STRIKE OUT ON AN OFFER FOR A HOME? KEEP SWINGING
We get it. You put in an offer but couldn’t land that home you wanted. Maybe more than once.
With all the talk about tight housing inventory in Northern Colorado, it's tempting for any first-time homebuyer to throw up your hands and decide that ownership is just not in the cards.
In fact, despite the challenges of today’s market, first-time homebuyers are still getting transactions done. In March, 32 percent of all home sales went to first timers, according to the National Association of Realtors - up from 31 percent in February
That means opportunities are out there for those who keep swinging (Don't forget the baseball axiom - even .300 hitters fail seven out of 10 times).
And the benefits to staying in the game are as vital as ever. Remember that the average homeowner enjoys more than 40 times the net worth of the average renter, according to CoreLogic.
The key is to be prepared to move fast when the next home in your price range and preferred location comes on the market.
For more on that topic, see the next story.
Stay on your toes – this market is moving fast
While today’s tight housing inventory might be keeping homebuyers from enjoying the usual variety of housing options, it’s certainly not keeping homebuyers from buying. Even with the number of homes available for sale sitting at less than half of last year’s supply at the same time, total home sales through the first quarter of 2021 were still up nearly 7 percent over a year ago.
How is that possible?
Because inventory, while slim, seems to keep replenishing at the same pace that sales are closing. It’s as if each time a fisherman pulls a perch out of the lake, another one drops in for the next fisherman coming along.
And that turnover is quick these days. In Larimer County, the median number of days for a home to be on the market in March was 41 days this year, down from 59 days (off 30.5 percent) in March 2020. Similarly, days on the market in Weld County dropped to 43 from 57 last March (off 24.5 percent).
Put another way, residential real estate in Northern Colorado is performing more like a retail store that restocks inventory to replace the product as it goes out the door, rather than keeping six months of supply in the back room.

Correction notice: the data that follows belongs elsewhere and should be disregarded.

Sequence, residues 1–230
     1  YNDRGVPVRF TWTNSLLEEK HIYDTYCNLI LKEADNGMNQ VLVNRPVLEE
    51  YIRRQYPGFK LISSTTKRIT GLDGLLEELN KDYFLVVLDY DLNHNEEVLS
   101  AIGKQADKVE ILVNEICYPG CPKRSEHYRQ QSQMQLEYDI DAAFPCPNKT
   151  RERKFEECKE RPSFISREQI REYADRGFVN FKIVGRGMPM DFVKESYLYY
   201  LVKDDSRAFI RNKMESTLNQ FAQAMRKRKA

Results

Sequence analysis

For the potential homebuyer, it means you need to be poised to jump when the next home is available. A trusted real estate advisor can help you get ready – from pre-qualifying for your mortgage to keeping tabs on homes as they become available – to reel in your prize.
The Group Difference
Working with a Group Realtor® is crucial during a new construction home purchase.
Here are just some of the advantages we can add to your home building experience:
- We can access builder contracts ahead of time, giving us the opportunity to review items you need to be aware of before signing.
- We will work to ensure you know about things like radon, expansive soils, building process and maintenance.
- We will help to navigate what to look for in your home inspections and make sure you’re fully protected on your new construction title policies.
- Choosing the right selections can be overwhelming. Let us assist you in simplifying the process.
- We will be available to assist you after the purchase with any possible warranty issues.
The Group has had a storied history of working with builders and developers all over Northern Colorado. Let us put 45 years of experience to work for you. Looking to build your dream home? Let’s chat.
REAL ESTATE BY NUMBERS
193 percent. Increase in lumber prices between April 9, 2020, and April 9, 2021, according to lumber industry newsletter Random Lengths.
10,000. Square footage that pet food supplement maker PetDine LLC plans to turn into manufacturing capacity at 4500 Innovation Drive in southeast Fort Collins.
$76.5 million. Investment that UCHealth plans to make to renovate Poudre Valley Hospital in Fort Collins. Among the changes, due to start this fall, is a new heart and vascular care clinic and testing area on the first floor.
180,000. Approximate square footage for a new apartment complex, which is due to come under construction this spring in the Centerra development in southeast Loveland. The project will include 154 units.
$13 million. Price paid by a Utah-based investor for a 128,000-square-foot industrial property in Milliken, which sits on a 22-acre parcel at 3333 Center Drive.
$2.75 million. Estimated cost for Fort Collins to clean up from the mid-March snowstorm, including $1.5 million for tree and limb removal and $400,000 to plow residential streets.
$70.2 million. Price paid by investors for Rise at 2534, a 236-unit apartment complex in the 2534 development in Johnstown.
$110 million. Price paid by a San Francisco-based investor for The Wyatt, a 368-unit apartment complex at 4701 Strauss Cabin Road in the southeast Fort Collins.
2,654. Square footage for the former Burger King, 4218 S. College Ave. in south Fort Collins, which is being converted into a Starbucks coffee shop this summer.
$29.25. Average hourly wage for Colorado workers in 2020, about 8 percent above the United States average of $27.07, according to a recent Colorado Occupational Employment and Wages report.
$47.1 million. Price paid by investors for the Cloverleaf mobile home community near the I-25 and East Mulberry Street interchange in northeast Fort Collins. The 60-acre property includes 391 homes.
$3.85 million. Approximate total of the funds that investors contributed to McWhinney Real Estate Services Inc. to help finance the developer's newest industrial park project in Loveland, according to disclosures with the U.S. Securities and Exchange Commission.
11 percent. Share of Americans who say they moved since the beginning of the pandemic, according to a Zillow survey.